And yet, with Messi in the side, there is no reason why La Albiceleste cannot go on and win a third World Cup - their first since Maradona single-handedly won the trophy for his nation in 1986. They should expect to top their group, despite finding themselves in one of the tougher pools alongside Croatia, Iceland and Nigeria; and they have invaluable knock-out phase experience, having reached the final in the previous tournament.

Plus, they now have a far superior coach than they did in 2014. Sampaoli already has one international tournament success to his name, winning the 2015 Copa América final with Chile against Argentina. The 58-year old Argentine will hope to use his tactical experience and wisdom to guide his own country to victory this time around.

Having come so close in 2014, Argentina will be desperate to go one step further and clinch their first World Cup in 32 frustrating years. For all he has achieved during his incredible career, some would say Leo Messi almost deserves a World Cup victory – which would surely position him as the undisputed greatest footballer of all time. His team undoubtedly have the talent; it will simply be a case of everybody pulling together for La Albiceleste and winning as a team, and not relying on one magnificent individual.


Ángel Di Maríá. Given the abundance of attacking talent at Jorge Sampaoli’s disposal, Di Mariá’s versality may prove invaluable at this summer’s World Cup - with the skilful left-footer able to operate on the left wing, in behind the central striker, or cutting in from the right side. He offers width to an Argentina team who too often in the past have tried to play through the middle, and may be able to stretch tired defences in the latter stages of the tournament. He is quick, skilful, creative and has an eye for goal. If played in the right formation he could well be a stand-out performer in Russia.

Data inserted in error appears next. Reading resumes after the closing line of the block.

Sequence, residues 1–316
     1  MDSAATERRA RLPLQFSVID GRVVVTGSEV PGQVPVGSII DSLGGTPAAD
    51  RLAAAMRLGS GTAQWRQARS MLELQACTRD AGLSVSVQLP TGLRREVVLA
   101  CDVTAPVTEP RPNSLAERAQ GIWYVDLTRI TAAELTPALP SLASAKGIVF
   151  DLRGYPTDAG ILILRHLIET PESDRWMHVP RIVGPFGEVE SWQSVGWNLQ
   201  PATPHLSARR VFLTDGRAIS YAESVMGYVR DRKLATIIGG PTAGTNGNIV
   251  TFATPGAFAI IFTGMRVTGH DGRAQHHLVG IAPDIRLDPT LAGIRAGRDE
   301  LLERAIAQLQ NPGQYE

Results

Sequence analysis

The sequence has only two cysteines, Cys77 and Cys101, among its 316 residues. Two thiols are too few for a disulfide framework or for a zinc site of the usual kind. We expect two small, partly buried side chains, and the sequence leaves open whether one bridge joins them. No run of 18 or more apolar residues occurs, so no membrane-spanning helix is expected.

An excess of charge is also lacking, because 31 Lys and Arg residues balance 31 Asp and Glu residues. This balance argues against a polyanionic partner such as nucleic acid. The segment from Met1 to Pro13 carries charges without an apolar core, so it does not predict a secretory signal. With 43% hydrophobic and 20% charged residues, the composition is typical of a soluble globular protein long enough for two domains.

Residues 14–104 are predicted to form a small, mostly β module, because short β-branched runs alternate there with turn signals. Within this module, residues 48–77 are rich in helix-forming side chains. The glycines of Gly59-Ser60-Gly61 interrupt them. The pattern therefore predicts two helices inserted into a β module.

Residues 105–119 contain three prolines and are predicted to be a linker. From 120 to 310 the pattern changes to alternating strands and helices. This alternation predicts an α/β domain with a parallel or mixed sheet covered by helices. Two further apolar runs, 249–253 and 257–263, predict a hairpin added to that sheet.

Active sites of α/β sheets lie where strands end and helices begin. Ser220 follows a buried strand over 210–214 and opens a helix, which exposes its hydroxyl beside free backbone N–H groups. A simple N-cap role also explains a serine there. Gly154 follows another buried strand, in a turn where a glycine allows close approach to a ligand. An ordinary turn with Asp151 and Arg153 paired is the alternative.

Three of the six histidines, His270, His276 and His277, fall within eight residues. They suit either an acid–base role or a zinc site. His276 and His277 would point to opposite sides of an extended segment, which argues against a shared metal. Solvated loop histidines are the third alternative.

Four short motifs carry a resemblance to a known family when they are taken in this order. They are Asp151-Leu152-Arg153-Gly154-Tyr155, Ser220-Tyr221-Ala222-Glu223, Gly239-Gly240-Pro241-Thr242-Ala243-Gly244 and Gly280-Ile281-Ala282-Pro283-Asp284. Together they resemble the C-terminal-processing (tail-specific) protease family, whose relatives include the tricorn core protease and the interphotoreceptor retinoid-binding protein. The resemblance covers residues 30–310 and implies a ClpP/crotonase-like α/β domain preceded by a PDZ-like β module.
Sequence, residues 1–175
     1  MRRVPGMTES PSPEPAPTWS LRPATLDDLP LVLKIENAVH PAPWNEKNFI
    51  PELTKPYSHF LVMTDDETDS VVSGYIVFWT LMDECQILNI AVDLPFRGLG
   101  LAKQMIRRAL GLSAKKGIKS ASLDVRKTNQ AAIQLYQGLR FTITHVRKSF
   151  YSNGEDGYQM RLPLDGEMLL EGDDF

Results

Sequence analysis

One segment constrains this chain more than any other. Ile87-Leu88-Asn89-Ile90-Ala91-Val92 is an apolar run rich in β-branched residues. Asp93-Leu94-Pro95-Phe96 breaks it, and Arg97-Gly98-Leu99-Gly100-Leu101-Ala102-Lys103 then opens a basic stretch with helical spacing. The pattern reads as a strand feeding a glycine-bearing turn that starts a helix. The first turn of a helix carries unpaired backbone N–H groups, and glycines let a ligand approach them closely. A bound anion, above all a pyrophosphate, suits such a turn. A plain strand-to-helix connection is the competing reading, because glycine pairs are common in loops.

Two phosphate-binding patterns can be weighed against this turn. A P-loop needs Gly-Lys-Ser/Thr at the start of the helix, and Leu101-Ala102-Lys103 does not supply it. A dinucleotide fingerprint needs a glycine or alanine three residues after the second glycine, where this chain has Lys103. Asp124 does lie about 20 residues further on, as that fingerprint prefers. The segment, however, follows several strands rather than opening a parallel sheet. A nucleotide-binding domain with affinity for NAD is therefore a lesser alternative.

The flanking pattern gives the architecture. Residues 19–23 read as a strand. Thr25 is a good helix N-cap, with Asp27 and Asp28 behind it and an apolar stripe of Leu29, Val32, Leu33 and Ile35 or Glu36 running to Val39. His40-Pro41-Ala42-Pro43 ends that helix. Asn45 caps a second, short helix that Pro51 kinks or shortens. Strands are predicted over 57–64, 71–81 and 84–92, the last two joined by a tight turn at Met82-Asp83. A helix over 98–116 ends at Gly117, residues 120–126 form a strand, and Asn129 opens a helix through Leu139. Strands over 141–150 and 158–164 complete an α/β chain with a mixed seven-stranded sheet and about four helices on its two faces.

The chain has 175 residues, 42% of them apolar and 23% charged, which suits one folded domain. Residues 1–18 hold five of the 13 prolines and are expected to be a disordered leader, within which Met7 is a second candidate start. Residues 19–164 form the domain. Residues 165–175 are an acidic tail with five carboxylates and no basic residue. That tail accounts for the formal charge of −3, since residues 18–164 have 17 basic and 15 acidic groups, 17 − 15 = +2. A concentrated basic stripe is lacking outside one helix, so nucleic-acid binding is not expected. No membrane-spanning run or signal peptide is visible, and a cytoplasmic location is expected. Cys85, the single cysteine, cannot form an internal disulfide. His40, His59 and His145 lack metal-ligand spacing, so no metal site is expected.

Javier Mascherano. The veteran defensive midfielder has been employed in recent years as more of a central defender, sitting in alongside a quicker defensive partner. At just 5 ft 8 inches, his physique does not meet the traditional mould of a defender, but his outstanding awareness and positioning made him a key player for Barcelona during his eight-year spell with the club before a recent move to Hebei China Fortune. With 142 international caps, his professionalism will be invaluable for an Argentina side lacking in experienced defensive players.

Nicolás Otamendi. The Manchester City centre-back has enjoyed an impressive season under Pep Guardiola, who has managed to coach out some of the careless mistakes that troubled the defender in the early years of his career. A decent passer of the ball, Otamendi can be utilised in a ‘play out from the back’ formation, which could be vital for Argentina in closely contested games when possession is key. Likewise, his aggression in the opposition box makes him a threat from set-pieces, and may be the difference maker for Argentina if they are struggling to find a breakthrough from open play.

Lionel Messi. In what may well be his last World Cup finals appearance, Argentina captain Leo Messi will be more motivated than ever to get his hands on the one trophy that has eluded him the most. Messi has everything: pace, vision, skill, strength, awareness and humility. He is the deadliest goal scorer in world football and is a threat from almost anywhere on the pitch. He is a player that belongs on the world’s stage, and will be sure to produce plenty of stand-out moments this summer. His 61 goals make him Argentina’s record goal-scorer – a tally he will hope to add to during the 2018 World Cup!